NL-DE sea territory

Dear mappers in the Netherlands,

as some of you may know the sea territory between the Netherlands and Germany is somewhat disputed.
Currently, the OSM boundaries of both country relations follow the Dutch view. Recently some mappers in Germany started mapping the official German view of the territory as nation-level boundary segments. You can already see it on the map as two separate borders.

The German OSM forum already discussed this issue and how it should be handled in OSM.
We agreed, that the Dutch OSM community must be included in the discussion.

Basically, we discussed two options:

  1. Each country is modelled in its own view (resulting in overlapping boundaries)
  2. We only map the undisputed areas (resulting in some undefined sea area that should be marked as disputed)

Let me also emphasize that we understand that this a complicated and sensitive topic. Unfortunately, politicians not yet resolved this rather technical question. For instance, Germany and Luxembourg agreed upon a shared territory for the water area of the rivers between both countries. But this area is much smaller and also not yet mapped in OSM.

Best regards

Hello Gehrke!

I see you’ve already found the talk-de thread of 2010 about this issue.

The German and Dutch governments agreed in August 2013 to hash out an agreement[1][2] about jurisdiction in this area. As it stands, an official agreement about the border may not be part of it, but who knows? As with everything in politics, it will surely take more time to finish the negotiations. I also wonder if they will ever come to an agreement. :slight_smile:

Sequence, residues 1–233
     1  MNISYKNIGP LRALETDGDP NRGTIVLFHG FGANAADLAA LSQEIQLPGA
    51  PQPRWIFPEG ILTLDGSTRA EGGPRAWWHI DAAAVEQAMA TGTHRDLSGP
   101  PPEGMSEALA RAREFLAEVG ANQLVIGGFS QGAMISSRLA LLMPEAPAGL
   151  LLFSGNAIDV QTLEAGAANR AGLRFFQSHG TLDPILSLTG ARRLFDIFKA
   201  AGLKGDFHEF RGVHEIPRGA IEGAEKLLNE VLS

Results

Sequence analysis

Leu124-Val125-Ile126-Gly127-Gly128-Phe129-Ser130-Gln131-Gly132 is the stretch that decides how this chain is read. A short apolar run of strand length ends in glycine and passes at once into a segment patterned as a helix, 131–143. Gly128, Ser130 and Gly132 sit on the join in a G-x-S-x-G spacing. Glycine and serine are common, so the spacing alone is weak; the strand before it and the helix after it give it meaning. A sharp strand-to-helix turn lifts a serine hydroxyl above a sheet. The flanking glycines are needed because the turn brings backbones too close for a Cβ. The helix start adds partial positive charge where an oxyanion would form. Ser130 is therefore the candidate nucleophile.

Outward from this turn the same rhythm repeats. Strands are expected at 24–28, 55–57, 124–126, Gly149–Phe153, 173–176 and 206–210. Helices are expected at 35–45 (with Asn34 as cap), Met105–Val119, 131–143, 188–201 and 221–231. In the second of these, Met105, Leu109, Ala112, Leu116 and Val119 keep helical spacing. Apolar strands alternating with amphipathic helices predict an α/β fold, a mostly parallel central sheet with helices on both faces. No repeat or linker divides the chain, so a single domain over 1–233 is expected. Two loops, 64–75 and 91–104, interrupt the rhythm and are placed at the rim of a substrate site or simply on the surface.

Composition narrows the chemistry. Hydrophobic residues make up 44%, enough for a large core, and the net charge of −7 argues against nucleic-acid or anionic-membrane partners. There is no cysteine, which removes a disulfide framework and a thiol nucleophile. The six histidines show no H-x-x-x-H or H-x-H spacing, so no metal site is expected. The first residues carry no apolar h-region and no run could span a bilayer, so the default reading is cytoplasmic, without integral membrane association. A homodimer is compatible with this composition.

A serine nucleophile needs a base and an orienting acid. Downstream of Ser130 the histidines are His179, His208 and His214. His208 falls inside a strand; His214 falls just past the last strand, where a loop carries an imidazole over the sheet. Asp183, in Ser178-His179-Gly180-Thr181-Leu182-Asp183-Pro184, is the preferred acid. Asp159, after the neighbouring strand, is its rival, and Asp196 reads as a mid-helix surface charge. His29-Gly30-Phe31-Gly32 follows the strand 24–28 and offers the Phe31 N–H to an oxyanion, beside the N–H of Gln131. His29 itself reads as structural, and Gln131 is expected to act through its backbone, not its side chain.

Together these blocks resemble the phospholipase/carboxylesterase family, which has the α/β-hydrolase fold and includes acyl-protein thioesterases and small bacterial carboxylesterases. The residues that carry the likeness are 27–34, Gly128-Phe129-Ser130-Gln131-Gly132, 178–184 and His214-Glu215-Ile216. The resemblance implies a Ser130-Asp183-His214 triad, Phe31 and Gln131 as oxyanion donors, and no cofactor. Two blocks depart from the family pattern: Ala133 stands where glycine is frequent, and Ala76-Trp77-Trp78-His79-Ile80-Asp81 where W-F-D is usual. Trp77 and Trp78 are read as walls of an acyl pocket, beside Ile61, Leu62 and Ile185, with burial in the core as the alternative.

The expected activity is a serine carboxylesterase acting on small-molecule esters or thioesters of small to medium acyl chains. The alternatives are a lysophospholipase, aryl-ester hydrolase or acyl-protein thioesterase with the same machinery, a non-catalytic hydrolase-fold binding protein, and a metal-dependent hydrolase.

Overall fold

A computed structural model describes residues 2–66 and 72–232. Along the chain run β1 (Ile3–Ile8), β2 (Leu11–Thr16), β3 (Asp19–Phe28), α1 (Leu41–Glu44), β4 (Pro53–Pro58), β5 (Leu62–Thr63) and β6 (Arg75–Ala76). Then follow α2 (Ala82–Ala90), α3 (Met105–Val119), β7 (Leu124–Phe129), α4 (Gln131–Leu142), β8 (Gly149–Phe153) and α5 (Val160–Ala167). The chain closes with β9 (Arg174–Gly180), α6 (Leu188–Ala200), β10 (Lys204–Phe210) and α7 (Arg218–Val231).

Personally, I now believe that mapping both interpretations of this border segment might be the wisest thing to do. Add a note to both sections explaining why there are currently 2 border segments there, and their source. If, by miracle, our governments come to an agreement about the border itself, we can adjust our mapping accordingly. My personal two cents.


  1. I wasn’t aware of any border dispute between Germany and The Netherlands till this thread, so it might create a nice public relations moment for OSM in both our countries showing the current rendering
  2. I agree with Ldp: leave both interpretations there as they are now, so please don’t split up relations 51477 and 47796
  3. Formally it’s the DWG who handles border disputes :smiley:

Cheers, Johan

ok. thanks for your feedback so far!

One other remark (also posted on the German forum):
Is OSM that robust that it can handle two administrative relations with the same level which overlap correctly? In other words: Can it break Nominatim? We are in the comfortable position that there are very few places in the disputed area, but if I would search for one of those, can OSM handle the request without breaking. It may choose one country at random, the first it sees in the database or it shows two hits. It shows for this isle ( the Netherlands, but the second border was added very recently and might not be present in Nominatim yet.

As a Dutchman who maintains the administrative boundaries, my vote is for option 1.

The boundary from the German perspective is based on an ancient agreement that doesn’t account for changes in international law since then (it discards the territorial sea of The Netherlands), the Dutch perspective includes this and places the boundary away from the shoreline.

Supporting both views within OSM seems the best option in the spirit of compromise. The OSMF Disputed Territories document mentions recording only one view, the most widely internationally recognised view:

If the tools don’t support overlapping national boundaries were we each use our own view on the border, we should be the ones to fix that so we can help with supporting alternative sets directly as also mentioned in the OSMF document.

I wouldn’t rely too much on Nominatim anyway. Nominatim is messing around with place nodes across boundaries in a way that, in my perspective, seems rather weird.

The national boundary of Germany is now according to the German interpretation. So far the national boundary of The Netherlands hasn’t been adapted to the German view. Let it stay that way, I like our authorative boundaries. :slight_smile: